WOMEN'S SPECIALTY STORES HAVING A SLEEPY HOLIDAY SEASON

Byline: Mark Tosh

NEW YORK--Despite the popularity of women's apparel as a gift item this year, women's specialty stores are in the midst of a ho-hum holiday.
According to some industry estimates, sales at women's specialty stores are running from flat to down more than 2 percent against year-ago results.
And this is a season when apparel becomes more popular as Christmas grows nearer. Apparel was the top gift choice for 63 percent of the respondents to a Deloitte & Touche survey last weekend. This figure reflects a sharp climb in apparel's appeal since November, when 40 percent of shoppers surveyed listed apparel as their preferred gift for the holiday season.
Department stores appear to be reaping this added apparel business, according to some analysts. They are expected to add 6 to 7 percent to apparel sales compared with last year, according to some estimates.
In some urban areas, the spread between department stores and women's specialty shops could be even wider.
Analysts cite the heavy promoting this season as one of the factors driving department store sales. Some retailers have called it the heaviest promotional Christmas ever.
Other reasons cited by analysts for the strong performance by department stores and national chains such as Sears, Roebuck & Co. and J.C. Penney Co. include
Aggressive retailing in power centers featuring category-killer outlets like The Sports Authority and Incredible Universe, which draws business away from regional malls.
Heavy advertising by department stores, while specialty stores often depend on mall locations to draw traffic. A year ago, department stores and specialty stores spent about $2.6 billion on holiday advertising and, although 1994 figures are not available, experts believe that total will be easily surpassed this season.
Cross-shopping between the department store and mall anchors and specialty shops inside the mall also is down this year.
Department stores typically do better at Christmas because they carry broader assortments, provide consumers with more options for merchandise exchanges and take a more promotional stance. For example, many retailers began promotions soon after Thanksgiving and continued trimming prices through the season.
"If anybody is doing business, it's the department stores--not the women's specialty stores," according to Ike Lagnado, of Tactical Retail Solutions.
Lagnado estimated that women's specialty stores would finish the holiday season with a 2.2 percent decline in same-store sales, while department stores achieve a 6.5 percent increase in apparel sales.
"Overall, it isn't a vintage Christmas really anywhere in the country," he said.
Irwin Cohen, co-chairman of Deloitte & Touche's retail and distribution services group, said he believes the department stores' success this season also is cutting into discounters' share of holiday sales.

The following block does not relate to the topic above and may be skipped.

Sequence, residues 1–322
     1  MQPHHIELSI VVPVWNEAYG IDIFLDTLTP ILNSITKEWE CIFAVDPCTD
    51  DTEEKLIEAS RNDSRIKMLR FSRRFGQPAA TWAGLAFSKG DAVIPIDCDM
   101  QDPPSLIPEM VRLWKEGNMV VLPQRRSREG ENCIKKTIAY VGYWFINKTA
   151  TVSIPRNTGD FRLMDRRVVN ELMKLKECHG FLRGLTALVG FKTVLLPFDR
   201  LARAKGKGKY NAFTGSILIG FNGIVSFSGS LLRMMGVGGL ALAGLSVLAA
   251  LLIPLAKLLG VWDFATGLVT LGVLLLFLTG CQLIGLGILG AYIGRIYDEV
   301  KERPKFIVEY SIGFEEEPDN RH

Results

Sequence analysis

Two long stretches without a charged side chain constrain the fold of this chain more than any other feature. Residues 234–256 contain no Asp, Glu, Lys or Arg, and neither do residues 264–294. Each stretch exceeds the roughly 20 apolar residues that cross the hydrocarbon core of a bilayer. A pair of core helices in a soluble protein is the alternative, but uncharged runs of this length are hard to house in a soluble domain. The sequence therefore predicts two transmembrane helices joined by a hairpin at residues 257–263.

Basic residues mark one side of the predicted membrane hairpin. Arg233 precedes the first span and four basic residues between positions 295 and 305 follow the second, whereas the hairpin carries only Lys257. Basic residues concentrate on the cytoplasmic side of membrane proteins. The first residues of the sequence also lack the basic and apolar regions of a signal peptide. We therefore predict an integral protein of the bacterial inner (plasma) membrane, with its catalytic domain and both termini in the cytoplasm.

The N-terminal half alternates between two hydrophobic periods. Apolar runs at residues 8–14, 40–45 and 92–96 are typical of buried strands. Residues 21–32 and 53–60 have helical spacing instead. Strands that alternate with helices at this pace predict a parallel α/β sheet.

"I think the department stores--with lower price points to make merchandise more readily available to value-conscious consumers--are doing a better job."
Marie Beninati, director of retail market strategy for the management consulting firm Kurt Salmon Associates, said she believes the narrow focus of speciality stores can play against the specialty retail sector.
"When it comes to gift-giving, a specialty store's focus does not allow for enough choice and variety for the consumer," she said. "That's an important point when you're shopping for a gift."
In its 1994 national holiday study, management consulting firm KSA projected that 32 percent, of consumers would purchase gifts at department stores, including Sears and J.C. Penney. Apparel speciality chains were favored by 8 percent of holiday shoppers, according to the study.
"At this point, my best guess is that those numbers are going to ring true," Beninati said.
According to a survey of 85 malls by the International Council of Shopping Centers, men's and women's speciality stores are reporting sales just slightly ahead of the year-ago pace. The survey found a 2.6 sales increase for the mall specialty stores, but up to 2 percent of the increase was attributed to an extra shopping day this season.
Mark J. Schoifet, an ICSC spokesman, said even flat sales at mall specialty apparel stores would be an improvement. Through October, comparable-store sales at mall apparel speciality shops had declined about 4 percent compared with the same 10-month period of 1993, he said.
Schoifet said operational improvements by department stores are cutting into the specialty store sales.
"Department stores are doing an excellent job with one-day promotions," he said. "They can compete on price better."

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